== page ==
FOURTH SUNDAY OF ADVENT (2020)
Readings: 2 Samuel 7:1-5, 8-11, 16 Psalms 89:2-5, 27, 29 Romans 16:25-27 Luke 1:26-38
We come from a long line of people trying to contain/control the God they worship.
Since the burning bush was too impractical to carry around, the Israelites carried around the tablets (Ten Commandments) given to Moses on God’s holy mountain. The descendants of Levi, so successful were they in slaughtering the worshippers of the golden calf, were given the responsibility of caring for the precious tablets, which were carried from place to place under a tented ‘tabernacle,’ a portable earthly dwelling place for Yahweh, the God of Israel. A priestly class grew to accommodate the affairs of God, whether it was in a tabernacle or in a Temple.
Our first reading from the second book of Samuel relates the discomfort that the great King David felt because he lived “in a house of cedar, while the ark of God dwells in a tent.” Understandably, David leans towards building a more permanent place for God to dwell, and he shares his thoughts with the prophet Nathan, who tells David to do as he pleases. But the Lord intervenes, and lets Nathan know that he should tell David, ‘you’re building a house for me? For me?’ The God who created the heavens and the earth makes it clear to David that God is in charge, and God will “establish a house” for David, a house not made of wood or stone, but a house that “will stand firm forever.” [It is David’s son, Solomon, who will build the first Temple for God to dwell in, but in generations it will be clear that the “house” God will establish has nothing to do with wood or stone.]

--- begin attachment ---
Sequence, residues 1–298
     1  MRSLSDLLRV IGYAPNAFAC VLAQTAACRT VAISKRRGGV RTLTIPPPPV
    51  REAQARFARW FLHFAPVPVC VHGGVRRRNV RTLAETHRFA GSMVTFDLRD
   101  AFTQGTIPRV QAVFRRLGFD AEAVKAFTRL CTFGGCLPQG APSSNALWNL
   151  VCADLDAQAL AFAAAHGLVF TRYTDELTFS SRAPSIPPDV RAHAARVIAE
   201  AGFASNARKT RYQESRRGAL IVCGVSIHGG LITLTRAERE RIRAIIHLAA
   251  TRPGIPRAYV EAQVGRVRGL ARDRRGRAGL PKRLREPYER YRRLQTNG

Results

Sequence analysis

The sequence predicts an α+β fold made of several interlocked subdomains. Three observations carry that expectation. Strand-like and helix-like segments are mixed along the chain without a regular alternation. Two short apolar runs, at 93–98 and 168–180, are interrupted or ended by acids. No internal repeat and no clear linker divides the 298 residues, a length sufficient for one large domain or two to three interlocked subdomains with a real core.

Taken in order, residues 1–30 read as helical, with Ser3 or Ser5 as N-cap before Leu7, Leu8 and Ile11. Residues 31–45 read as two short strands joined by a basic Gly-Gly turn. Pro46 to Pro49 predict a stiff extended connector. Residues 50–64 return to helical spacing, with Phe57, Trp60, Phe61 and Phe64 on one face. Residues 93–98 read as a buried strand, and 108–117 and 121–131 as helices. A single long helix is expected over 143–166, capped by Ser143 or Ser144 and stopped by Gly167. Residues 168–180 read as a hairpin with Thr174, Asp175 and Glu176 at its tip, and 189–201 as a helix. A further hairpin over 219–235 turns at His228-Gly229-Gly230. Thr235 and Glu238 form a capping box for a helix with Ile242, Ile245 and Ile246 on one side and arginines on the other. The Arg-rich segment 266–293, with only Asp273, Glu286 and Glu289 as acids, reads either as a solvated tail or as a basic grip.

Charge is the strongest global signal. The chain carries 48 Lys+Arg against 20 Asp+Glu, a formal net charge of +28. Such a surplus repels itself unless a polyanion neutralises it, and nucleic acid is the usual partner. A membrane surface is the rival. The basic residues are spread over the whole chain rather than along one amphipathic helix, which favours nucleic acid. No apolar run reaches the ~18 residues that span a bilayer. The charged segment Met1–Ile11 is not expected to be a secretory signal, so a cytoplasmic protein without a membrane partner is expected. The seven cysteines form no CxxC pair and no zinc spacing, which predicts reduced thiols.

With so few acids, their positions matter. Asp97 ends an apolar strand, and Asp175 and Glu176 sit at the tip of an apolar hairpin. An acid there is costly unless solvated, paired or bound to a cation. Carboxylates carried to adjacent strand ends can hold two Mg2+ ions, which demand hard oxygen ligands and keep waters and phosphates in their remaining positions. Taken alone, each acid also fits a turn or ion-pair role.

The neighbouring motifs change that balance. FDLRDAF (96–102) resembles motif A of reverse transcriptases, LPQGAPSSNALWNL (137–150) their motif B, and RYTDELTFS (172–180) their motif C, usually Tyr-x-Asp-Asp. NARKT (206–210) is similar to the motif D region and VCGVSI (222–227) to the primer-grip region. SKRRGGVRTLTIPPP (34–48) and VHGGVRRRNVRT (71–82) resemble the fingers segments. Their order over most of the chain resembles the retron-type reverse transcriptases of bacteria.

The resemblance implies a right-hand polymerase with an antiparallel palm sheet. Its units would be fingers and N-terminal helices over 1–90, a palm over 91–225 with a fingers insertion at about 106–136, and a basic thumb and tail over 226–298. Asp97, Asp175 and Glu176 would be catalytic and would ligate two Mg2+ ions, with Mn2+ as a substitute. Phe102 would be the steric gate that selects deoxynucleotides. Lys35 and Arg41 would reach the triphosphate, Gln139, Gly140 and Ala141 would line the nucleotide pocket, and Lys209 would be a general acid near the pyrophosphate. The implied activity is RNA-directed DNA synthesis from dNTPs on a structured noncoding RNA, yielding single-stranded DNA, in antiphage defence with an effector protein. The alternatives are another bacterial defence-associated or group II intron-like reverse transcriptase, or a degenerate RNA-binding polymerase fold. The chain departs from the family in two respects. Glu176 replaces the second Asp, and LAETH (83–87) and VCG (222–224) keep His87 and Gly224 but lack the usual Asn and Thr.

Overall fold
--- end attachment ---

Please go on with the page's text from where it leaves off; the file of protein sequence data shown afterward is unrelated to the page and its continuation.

The “revelation of the mystery kept secret for long ages” (Rom. 16:26) begins with a simple hello, “Ave!,” “Hail.” God had Mary “at hello,” not because she was gullible or prone to miraculous interventions, but because she had been in love with the God of her worship for some fifteen or more years. God had prepared Mary from time immemorial (Immaculate Conception), freeing her from original sin in order that she might be the best of houses for a God who would take on human flesh and become one of us. What God said to Mary through the angel Gabriel, He says to all of us when He intervenes in our lives: “Do not be afraid.”
God’s interventions can be “troubling,” but this intervention will be momentous and lead to the salvation of all peoples. Mary understands very little of what is happening, hence “how can this be, since I have no relations with a man.” Her child, however, “will be called holy, the Son of God.” What Mary intuitively knew, that “nothing is impossible for the God” of the Jews, leads Mary to embrace her role in God’s plan: “Behold, I am the handmaid of the Lord. May it be done to me according to your word.”
On this penultimate Sunday before the great celebration of Christmas we are given the example of Mary to emulate. Her openness to God’s plan and her cooperation with His will for her, serves as an example for us, and points to the reality that no church, no house of brick or mortar, can contain the God we worship. The God who made a home in the womb of Mary in order to dwell among the people He created, dwells within the hearts and souls of His most precious works of creation. God dwells and inspires all of us from within, and God is not confined by, or controlled by tabernacles of Temples. God’s long-awaited, yet unassuming, entrance into our world, allows God to be with us until the end of time. He is “Emmanuel, God with us!” Whether God communicates with us directly or uses the angels who surround us, it is up to us to respond to God as Mary did: “Behold we are servants of the Lord. May it be done to us according to God’s word.”